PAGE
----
TSC, community leaders build student resiliency during forum

Story and photo by Ronnie Schelby
21st Theater Sustainment Command Public Affairs
Col. Matthew Redding, 21st Theater Sustainment Command chief of staff, helps a student don military protective armor during the resiliency forum. The chief subsequently directed the student to run across the room and do pushups.
Col. Matthew Redding, 21st Theater Sustainment Command chief of staff, helps a student don military protective armor during the resiliency forum. The chief subsequently directed the student to run across the room and do pushups.

Leaders and professionals throughout the KMC, including those in the medical, chaplain, military and quality assurance fields, participated in a weeklong resiliency forum March 9 to 14 on Vogelweh Military Complex.

Several senior leaders of the 21st Theater Sustainment Command participated by sharing their stories and experiences. Volunteers from the 21st TSC, including members of the Sergeant Morales Club, played a formative role in developing relationships with area schools and students. Sergeant Morales Club members provided leadership for Army outreach activities and devoted enormous amounts of time to student mentorship programs.
The majority of events took place at the Kaiserslautern High School auditorium.

“The purpose of this forum is to give our students a chance to connect to all of the various providers available in our community,” said Kirstin Hage, a psychologist at Kaiserslautern Elementary/Middle School and Kaiserslautern High School, and leading organizer of the forum. “We want our children to know that it is possible to develop resilience and overcome obstacles, no matter how difficult that might be. This forum is shining a light on the strengths and concerns of our students.”

Col. Matthew Redding, 21st TSC chief of staff, served as one of the forum’s main speakers. The chief addressed tough issues head-on.

“Our country has been at war for the last 11 years,” Redding said. “To most of you, that is well over half of your life. As a child of a military family, you are presented with unique challenges and obstacles other families do not have.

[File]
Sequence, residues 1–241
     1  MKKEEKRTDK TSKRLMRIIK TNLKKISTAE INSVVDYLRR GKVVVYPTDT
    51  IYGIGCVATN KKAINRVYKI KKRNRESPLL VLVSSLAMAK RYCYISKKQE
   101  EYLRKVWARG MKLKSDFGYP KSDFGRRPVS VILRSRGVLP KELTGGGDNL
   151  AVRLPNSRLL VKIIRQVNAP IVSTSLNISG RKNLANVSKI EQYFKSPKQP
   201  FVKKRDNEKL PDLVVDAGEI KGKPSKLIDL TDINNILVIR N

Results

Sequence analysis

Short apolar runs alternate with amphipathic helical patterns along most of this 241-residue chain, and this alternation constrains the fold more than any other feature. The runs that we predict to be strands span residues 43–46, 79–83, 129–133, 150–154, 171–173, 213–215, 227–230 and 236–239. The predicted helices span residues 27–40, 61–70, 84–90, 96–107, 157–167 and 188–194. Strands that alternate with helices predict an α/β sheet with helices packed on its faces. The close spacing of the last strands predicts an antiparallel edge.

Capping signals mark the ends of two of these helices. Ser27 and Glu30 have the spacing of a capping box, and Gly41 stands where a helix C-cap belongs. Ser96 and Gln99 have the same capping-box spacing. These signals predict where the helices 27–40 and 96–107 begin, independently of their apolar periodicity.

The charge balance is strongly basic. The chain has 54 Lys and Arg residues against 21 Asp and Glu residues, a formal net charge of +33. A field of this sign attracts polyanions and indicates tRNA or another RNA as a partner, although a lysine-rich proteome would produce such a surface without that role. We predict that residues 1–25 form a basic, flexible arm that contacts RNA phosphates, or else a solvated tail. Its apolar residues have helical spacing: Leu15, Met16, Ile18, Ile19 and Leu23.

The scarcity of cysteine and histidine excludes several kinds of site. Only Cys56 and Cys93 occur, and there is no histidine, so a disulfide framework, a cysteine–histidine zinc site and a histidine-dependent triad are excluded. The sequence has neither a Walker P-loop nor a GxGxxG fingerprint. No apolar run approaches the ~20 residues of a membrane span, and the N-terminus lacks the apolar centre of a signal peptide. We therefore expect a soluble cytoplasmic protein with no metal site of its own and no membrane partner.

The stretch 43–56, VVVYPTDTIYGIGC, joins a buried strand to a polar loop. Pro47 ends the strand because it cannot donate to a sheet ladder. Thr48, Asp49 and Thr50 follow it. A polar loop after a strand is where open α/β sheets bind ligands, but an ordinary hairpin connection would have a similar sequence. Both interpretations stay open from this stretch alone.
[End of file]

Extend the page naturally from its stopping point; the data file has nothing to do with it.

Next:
“Your lives change quickly; you must continually adapt to change,” he continued. “This may seem like an obstacle, but you can choose to make this one of your strengths. Adapt, be resilient and help the child next to you who is having a harder time.”

Redding also discussed growing up during the Cold War, recounting the “duck and cover” exercises American children had to practice in school during the ’50s, ’60s and ’70s.

Command Sgt. Maj. Rodney Rhoades, 21st TSC senior enlisted leader, described some of the daunting obstacles he encountered during his childhood. However, through strength, determination, opportunities and the help of supportive individuals who made a difference, he attained remarkable career success.


“There is nothing more challenging than being raised as a military child,” Rhoades said. “Your parents are gone when you need them, you are moving all of the time and so many other actions affect you. But when you talk about these issues and adversities, you can overcome them. Find those influential people that you trust and respect, listen to what they say and recruit them to be on your team.”

Master Sgt. Michele Garner, 10th Army Air and Missile Defense Command first sergeant,  delivered her own powerful story and offered some advice.

Garner focused on the importance of reaching and attaining goals.

“Whatever you want to do, you can do it,” she said. “Don’t listen to those who are not on your team and do not believe in you. Know that you are strong and you can achieve anything that you desire.”

Thomas Wirtz, a freshman at the high school, said attending the forum was very inspiring. “There is so much I can do with my life,” he said. “I never really considered joining the Army. This forum has opened my eyes to what I can achieve.”